English Braille
American Edition
1994


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Index


Definition of Braille

Rules of Braille
  1. Punctuation Signs
  2. Special Composition Signs
  3. Format
  4. Asterisk, Footnotes, References
  5. Accent Sign, Diphthongs, Foreign Languages
  6. Abbreviations
  7. Numbers and Roman Numerals
  8. Coinage, Weights, and Other Special Symbols
  9. Poetry, Scansion, and Stress
  10. General Use of Contractions
  11. One-cell whole-word contractions
  12. One-cell part-word contractions
  13. Lower Signs
  14. Initial-letter contractions
  15. Final-letter contractions
  16. Short-form words

Appendices
  • Index
    Typical and Problem Words

    Indices
  • Index
    BRL Courses
  • Intro to Braille
  • Braille Transcribers
  • Specialized Codes


    BRL REFERENCE DESK

    BANA Resources Tools and resources Organizations

    Other links
  • APPENDIX C - OTHER GRADES OF BRAILLE, SPECIAL BRAILLE CODES


    1. Other Grades of Braille: While English Braille Grades 1 and 2 constitute the offical systems in English-speaking countries, the following systems are also extan, manuals for which may be obtained from the American Printing House for the Blind, P.O. Bx 6085, 1839 Frankfort Avenue, Louisville, Kentucky 40206-0085.
      • Grade 3 Braille: This system, and extension of Grade 2, uses additional contractions and short-form words, and outlining (the omission of vowels). Grade 3 contains more than 500 contracted forms and is used mainly by individuals for their personal convenience.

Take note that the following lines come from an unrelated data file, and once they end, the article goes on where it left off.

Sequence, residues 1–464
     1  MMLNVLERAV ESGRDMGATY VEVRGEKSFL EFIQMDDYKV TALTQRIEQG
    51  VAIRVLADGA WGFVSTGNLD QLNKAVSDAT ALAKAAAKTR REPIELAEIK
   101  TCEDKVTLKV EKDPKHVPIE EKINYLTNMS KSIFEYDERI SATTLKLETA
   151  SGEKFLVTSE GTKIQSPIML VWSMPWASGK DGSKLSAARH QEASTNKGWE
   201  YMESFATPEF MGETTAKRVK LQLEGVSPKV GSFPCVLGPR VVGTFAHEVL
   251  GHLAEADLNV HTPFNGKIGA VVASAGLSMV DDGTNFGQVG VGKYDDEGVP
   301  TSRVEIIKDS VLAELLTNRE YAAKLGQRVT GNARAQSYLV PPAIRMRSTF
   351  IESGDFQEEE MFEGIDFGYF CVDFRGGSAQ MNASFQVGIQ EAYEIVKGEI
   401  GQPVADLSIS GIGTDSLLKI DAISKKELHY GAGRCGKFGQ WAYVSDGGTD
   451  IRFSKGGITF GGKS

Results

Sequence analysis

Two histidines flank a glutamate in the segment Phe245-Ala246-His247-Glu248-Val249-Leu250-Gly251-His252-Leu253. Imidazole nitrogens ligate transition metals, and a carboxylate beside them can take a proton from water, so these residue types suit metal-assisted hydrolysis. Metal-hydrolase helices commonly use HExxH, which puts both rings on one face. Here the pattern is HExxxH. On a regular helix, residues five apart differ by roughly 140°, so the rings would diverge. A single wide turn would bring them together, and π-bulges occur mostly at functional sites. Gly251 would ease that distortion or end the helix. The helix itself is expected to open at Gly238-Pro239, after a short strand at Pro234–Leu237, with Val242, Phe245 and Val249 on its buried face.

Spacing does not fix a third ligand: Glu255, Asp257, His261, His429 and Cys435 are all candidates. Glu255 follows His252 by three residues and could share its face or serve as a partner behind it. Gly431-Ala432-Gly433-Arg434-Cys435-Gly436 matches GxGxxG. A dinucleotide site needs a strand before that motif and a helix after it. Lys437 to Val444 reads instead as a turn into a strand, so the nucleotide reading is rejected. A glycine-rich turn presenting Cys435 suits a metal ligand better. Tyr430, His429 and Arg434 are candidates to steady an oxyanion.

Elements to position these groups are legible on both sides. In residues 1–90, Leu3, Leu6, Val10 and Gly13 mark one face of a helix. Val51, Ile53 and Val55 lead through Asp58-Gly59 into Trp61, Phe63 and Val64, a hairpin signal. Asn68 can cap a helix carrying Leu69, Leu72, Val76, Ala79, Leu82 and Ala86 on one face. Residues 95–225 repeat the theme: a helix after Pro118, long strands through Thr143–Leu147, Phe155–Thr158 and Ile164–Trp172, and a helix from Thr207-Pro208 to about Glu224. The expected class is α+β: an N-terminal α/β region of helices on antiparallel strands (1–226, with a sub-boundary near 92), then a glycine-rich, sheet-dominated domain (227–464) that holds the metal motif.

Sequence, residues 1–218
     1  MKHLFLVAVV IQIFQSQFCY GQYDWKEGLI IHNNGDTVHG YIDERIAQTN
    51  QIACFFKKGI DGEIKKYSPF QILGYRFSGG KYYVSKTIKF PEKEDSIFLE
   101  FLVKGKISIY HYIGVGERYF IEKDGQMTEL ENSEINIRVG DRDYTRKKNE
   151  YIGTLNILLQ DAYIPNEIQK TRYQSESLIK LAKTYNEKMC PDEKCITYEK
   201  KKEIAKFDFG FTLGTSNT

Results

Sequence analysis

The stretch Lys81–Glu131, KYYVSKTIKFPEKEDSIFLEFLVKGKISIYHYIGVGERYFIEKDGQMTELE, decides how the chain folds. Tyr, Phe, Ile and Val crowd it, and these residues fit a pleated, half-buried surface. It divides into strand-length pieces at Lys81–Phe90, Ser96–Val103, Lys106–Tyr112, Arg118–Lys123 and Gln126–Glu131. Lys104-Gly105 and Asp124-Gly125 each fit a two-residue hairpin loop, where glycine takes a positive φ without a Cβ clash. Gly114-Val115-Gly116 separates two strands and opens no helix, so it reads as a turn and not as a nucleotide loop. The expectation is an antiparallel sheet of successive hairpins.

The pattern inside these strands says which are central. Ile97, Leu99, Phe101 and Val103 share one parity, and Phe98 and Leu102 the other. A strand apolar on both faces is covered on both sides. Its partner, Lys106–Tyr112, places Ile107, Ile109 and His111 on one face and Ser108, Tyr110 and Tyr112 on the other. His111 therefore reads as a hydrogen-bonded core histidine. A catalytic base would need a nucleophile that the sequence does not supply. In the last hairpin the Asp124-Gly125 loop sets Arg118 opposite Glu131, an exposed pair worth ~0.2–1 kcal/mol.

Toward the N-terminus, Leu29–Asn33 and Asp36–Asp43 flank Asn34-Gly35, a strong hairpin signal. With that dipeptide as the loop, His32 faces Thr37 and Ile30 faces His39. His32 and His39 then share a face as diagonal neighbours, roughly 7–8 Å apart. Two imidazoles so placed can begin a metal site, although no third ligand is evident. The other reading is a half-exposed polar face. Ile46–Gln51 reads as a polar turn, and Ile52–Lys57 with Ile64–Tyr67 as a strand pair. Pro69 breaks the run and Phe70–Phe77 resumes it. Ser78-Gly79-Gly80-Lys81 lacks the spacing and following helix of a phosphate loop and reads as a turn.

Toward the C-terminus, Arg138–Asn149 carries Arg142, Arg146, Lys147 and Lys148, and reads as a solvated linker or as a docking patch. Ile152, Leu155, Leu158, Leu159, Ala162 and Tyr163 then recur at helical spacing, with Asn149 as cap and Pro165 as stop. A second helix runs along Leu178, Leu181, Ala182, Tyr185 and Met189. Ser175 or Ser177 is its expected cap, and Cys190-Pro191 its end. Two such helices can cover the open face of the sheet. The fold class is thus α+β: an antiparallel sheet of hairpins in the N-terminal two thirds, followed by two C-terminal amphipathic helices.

• Braille Shorthand: This system is designed for use by blind stenographers, and consists of highly contracted forms for writing words, phrases, and letter groups of frequent occurrence in commercial usage.
      • Revised Braille Grade 1.5: This system was much less contracted than English Braille Grade 2, employing only 44 one-cell contractions. Its use was confined mainly to the United States were it was the official code from 1918-1932. Copies of this code are no longer available.
    2. Special Braille Codes: In addition to literary braille, specialized braille codes are employed for the writing of music, mathematics, scientific formulas, compter notation and materials for other specialized fields. Special codebooks covering these notations are available fromt he American Printing House for the Blind, P.O. Box 6085, 1839 Frankfort Avenue, Louisbille, Kentucky 40206-0085.


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